Associations of infant feeding and timing of linear growth and relative weight gain during early life with childhood body composition

M. de Beer, T. G. M. Vrijkotte, C. H. D. Fall, M. van Eijsden, C. Osmond, R. J. B. J. Gemke

Research output: Contribution to journalArticleAcademicpeer-review

49 Citations (Scopus)

Abstract

Growth and feeding during infancy have been associated with later life body mass index. However, the associations of infant feeding, linear growth and weight gain relative to linear growth with separate components of body composition remain unclear. Of 5551 children with collected growth and infant-feeding data in a prospective cohort study (Amsterdam Born Children and their Development), body composition measured using bioelectrical impedance analysis at the age of 5-6 years was available for 2227 children. We assessed how feeding (duration of full breastfeeding and timing of introduction of complementary feeding) and conditional variables representing linear growth and relative weight gain were associated with childhood fat-free mass (FFM) and fat mass (FM). Birth weight was positively associated with both FFM and FM in childhood, and more strongly with FFM than FM. Faster linear growth and faster relative weight gain at all ages in infancy were positively associated with childhood FFM and FM. The associations with FM were stronger for relative weight gain than for linear growth (FM z score: β coefficient 0.23 (95% con 0.19 to 0.26), P <0.001 and 0.14 (0.11 to 0.17), P <0.001 per s.d. change in relative weight gain and linear growth between 1 and 3 months, respectively). Compared with full breastfeeding <1 month, full breastfeeding >6 months was associated with lower FM (FM z score: -0.17 (-0.28 to -0.05), P=0.005) and lower FFM (FFM z score: -0.13 (-0.23 to -0.03), P=0.015), as was the introduction of complementary feeding >6 months (FM z score: -0.22 (-0.38 to -0.07), P=0.004), compared with <4 months. Faster infant weight gain is associated with a healthier childhood body composition when it is caused by faster linear growth. Full breastfeeding >6 months and introduction of complementary feeding >6 months are associated with lower childhood FM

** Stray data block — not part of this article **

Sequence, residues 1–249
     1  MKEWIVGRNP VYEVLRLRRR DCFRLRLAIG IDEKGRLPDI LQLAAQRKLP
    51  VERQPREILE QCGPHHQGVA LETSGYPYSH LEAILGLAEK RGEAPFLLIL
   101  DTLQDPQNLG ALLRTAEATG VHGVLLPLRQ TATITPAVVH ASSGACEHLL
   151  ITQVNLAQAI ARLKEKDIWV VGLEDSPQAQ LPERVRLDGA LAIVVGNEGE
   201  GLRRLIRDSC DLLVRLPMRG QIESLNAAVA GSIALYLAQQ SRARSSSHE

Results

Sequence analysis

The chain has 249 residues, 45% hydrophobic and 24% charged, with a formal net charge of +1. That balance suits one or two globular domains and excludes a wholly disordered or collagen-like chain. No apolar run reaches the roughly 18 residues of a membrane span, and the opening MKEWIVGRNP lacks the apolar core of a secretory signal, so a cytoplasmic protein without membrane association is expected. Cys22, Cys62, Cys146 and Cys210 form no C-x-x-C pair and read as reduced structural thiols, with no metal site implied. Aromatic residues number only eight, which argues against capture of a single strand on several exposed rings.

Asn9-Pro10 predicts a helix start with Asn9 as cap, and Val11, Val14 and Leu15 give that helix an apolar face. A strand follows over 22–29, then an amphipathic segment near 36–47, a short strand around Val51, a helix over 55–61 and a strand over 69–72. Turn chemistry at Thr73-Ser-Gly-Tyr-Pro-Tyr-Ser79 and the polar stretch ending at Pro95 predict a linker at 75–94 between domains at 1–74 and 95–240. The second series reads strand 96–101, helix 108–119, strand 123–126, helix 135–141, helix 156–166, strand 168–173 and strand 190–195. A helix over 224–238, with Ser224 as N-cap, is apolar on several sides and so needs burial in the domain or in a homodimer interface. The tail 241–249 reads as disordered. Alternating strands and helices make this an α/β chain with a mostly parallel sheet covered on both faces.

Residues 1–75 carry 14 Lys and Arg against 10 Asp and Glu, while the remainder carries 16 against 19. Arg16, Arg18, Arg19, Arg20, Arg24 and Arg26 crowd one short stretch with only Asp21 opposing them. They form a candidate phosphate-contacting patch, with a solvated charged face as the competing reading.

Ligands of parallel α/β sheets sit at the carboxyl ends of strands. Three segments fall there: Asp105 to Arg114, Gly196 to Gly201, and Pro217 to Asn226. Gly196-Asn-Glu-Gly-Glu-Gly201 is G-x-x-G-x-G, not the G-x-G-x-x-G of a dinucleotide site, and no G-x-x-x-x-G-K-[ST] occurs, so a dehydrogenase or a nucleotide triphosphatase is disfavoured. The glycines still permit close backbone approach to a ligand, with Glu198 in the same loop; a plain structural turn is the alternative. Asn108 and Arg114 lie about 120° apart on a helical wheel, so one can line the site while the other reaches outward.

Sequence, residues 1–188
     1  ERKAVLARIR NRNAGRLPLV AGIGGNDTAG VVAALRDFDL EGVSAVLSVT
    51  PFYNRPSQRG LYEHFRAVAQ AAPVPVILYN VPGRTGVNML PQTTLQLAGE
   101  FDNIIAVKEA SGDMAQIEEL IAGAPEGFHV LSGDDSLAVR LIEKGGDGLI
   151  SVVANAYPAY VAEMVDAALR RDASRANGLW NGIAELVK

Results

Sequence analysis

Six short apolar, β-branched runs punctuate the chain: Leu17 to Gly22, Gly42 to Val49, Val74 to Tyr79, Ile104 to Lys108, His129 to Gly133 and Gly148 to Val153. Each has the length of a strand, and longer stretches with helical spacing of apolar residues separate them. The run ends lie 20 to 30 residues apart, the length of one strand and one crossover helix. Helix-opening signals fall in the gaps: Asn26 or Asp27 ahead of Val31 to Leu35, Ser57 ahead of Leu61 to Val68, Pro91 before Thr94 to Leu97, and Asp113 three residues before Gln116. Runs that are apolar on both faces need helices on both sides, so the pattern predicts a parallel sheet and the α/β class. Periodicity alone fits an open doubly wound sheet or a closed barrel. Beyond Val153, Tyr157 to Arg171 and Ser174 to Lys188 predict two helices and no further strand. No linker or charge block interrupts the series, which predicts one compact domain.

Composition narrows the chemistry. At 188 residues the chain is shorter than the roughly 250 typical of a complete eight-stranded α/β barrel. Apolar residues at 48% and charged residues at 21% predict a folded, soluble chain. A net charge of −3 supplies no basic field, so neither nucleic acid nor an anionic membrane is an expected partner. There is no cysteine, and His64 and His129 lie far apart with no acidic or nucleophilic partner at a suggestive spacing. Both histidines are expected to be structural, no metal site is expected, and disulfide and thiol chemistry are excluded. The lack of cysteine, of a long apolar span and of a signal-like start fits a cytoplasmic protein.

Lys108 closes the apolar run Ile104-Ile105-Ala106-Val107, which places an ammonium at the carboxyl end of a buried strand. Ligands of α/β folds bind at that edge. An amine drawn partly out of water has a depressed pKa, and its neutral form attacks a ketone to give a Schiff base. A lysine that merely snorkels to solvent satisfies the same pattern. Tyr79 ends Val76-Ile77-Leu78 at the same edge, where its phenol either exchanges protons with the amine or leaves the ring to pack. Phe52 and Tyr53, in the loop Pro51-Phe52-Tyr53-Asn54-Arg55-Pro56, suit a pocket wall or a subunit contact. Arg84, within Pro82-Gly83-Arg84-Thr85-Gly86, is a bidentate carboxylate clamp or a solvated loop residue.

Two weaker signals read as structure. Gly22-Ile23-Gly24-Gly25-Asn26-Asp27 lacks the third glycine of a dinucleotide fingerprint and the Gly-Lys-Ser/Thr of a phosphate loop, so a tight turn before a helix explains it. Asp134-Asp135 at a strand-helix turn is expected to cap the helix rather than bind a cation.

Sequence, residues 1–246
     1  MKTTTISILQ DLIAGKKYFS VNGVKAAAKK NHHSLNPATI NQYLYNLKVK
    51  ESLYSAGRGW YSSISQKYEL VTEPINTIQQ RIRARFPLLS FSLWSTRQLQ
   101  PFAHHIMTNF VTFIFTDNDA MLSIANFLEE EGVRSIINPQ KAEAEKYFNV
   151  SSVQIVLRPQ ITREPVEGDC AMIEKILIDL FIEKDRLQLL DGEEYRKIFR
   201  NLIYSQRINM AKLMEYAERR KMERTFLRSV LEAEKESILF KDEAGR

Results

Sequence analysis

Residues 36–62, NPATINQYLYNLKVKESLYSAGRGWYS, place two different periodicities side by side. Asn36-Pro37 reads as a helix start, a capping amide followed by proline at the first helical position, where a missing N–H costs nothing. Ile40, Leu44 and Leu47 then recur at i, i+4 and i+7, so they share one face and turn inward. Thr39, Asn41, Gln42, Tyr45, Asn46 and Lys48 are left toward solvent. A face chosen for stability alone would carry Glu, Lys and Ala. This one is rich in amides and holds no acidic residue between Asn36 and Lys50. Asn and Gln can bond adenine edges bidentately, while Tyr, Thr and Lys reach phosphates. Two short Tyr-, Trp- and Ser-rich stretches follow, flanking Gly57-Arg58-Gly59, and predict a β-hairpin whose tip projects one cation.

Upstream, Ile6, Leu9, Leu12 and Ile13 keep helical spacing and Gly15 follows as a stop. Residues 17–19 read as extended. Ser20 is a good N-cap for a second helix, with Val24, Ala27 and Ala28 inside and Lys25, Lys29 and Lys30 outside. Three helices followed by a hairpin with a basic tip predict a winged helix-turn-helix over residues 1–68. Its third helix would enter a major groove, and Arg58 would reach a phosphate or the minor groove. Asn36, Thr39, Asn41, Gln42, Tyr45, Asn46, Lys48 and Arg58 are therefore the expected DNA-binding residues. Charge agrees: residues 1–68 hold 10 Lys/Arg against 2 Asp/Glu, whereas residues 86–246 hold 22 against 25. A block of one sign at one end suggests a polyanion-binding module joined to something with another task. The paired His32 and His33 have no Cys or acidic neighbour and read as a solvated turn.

Original languageEnglish
Pages (from-to)586-592
JournalInternational journal of obesity (2005)
Volume39
Issue number4
DOIs
Publication statusPublished - 2015

Cite this